The Australian navy’s HMAS Success is the only ship in the area, though others, including from the US, UK and China are on the way.
A key focus on Sunday was the sighting on Saturday of a wooden cargo pallet, along with belts or straps.
Mike Barton, operations coordinator at AMSA, said: “Part of the description was a wooden pallet and a number of other items which were nondescript around it and some belts of some different colors around it as well, strapping belts of different lengths.”
He added: “We tried to re-find that yesterday, one of the New Zealand aircraft, and unfortunately they didn’t find it. That’s the nature of it – you only have to be off by a few hundred metres in a fast-travelling aircraft.”
Pallets are used for shipping as well as plane cargo and Mike Barton cautioned the sighting “could be anything”.
AMSA released a statement on Sunday’s search, detailing the aircraft involved and saying the area would cover about 22,800 square miles.
Mike Barton said the sun and haze at a low altitude made the task for searchers tough.
The weather on Sunday was initially cloudy but it was hoped it might clear later.
Earlier, Australian PM Tony Abbott said the sightings of objects were encouraging signs.
“Obviously we have now had a number of very credible leads and there is increasing hope – no more than hope, no more than hope – that we might be on the road to discovering what did happen to this ill-fated aircraft,” he said.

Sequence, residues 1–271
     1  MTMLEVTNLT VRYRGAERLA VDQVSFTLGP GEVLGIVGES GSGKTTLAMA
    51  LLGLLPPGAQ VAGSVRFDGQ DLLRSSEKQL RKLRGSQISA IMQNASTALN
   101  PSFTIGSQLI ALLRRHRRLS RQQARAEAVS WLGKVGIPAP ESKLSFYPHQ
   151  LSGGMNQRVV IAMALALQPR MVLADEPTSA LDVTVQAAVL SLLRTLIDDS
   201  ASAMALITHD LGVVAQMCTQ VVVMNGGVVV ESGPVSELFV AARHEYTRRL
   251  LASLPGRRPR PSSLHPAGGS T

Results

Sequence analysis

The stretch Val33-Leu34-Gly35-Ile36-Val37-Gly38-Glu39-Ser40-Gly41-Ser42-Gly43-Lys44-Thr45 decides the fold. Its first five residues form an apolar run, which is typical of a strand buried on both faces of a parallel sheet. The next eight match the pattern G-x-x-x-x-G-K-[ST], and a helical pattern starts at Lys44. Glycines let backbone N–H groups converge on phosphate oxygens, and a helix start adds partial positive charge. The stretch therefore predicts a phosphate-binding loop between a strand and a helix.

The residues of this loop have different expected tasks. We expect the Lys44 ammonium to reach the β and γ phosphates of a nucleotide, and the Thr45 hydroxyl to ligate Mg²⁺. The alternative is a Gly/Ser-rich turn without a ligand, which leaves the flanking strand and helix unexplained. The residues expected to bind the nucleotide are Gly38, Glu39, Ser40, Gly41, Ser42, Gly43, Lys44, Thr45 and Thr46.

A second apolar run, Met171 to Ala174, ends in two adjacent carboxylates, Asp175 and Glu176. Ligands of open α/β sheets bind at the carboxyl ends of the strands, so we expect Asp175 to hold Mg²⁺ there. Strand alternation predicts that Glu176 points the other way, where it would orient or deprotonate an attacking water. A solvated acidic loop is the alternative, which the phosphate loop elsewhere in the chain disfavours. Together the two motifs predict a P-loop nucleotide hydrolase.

China on Saturday released a satellite image showing an object floating in the southern Indian Ocean near to the area already being searched, some 1,550 miles south-west of Perth.
The grainy image was released by China’s State Administration of Science, Technology and Industry for National Defense.
US surveillance teams have been sent to the Indian Ocean to help search for the missing Malaysia Airlines plane, after claims emerged that it may have flown for longer than investigators had thought.
Unnamed officials said flight MH370 sent signals to satellites for up to five hours after its apparent disappearance.
However, investigators stressed that the information was not conclusive.
Rescuers have so far failed to find any trace of flight MH370, which vanished last Saturday with 239 people on board.
The plane, which was flying from Kuala Lumpur to Beijing, last made contact with air-traffic control over the South China Sea to the east of Malaysia.
US surveillance teams have been sent to the Indian Ocean to help search for the missing Malaysia Airlines plane
The US, which is one of a number of countries helping in the search for the plane, has sent a navy destroyer and a sophisticated surveillance aircraft to the Indian Ocean, hundreds of miles west of Malaysia.
The Indian navy, air force and coast guard are also now assisting after a request for help from the Malaysian government.
Several US media reports on Thursday cited unnamed officials as saying that the Boeing 777 was “pinging” satellites for hours after its last contact with air-traffic controllers.
That led searchers to believe the plane could have flown more than 1,000 miles beyond its last confirmed radar sighting.
White House spokesman Jay Carney confirmed that US teams were shifting their focus to the Indian Ocean because of “new information”, but he gave no further details.
Some 153 of the passengers on board the Malaysia Airlines plane were Chinese, and Beijing has been putting pressure on Malaysia to intensify its search.
More than 500,000 of people who were evacuated before Cyclone Phailin crashed into eastern India have begun returning to their homes.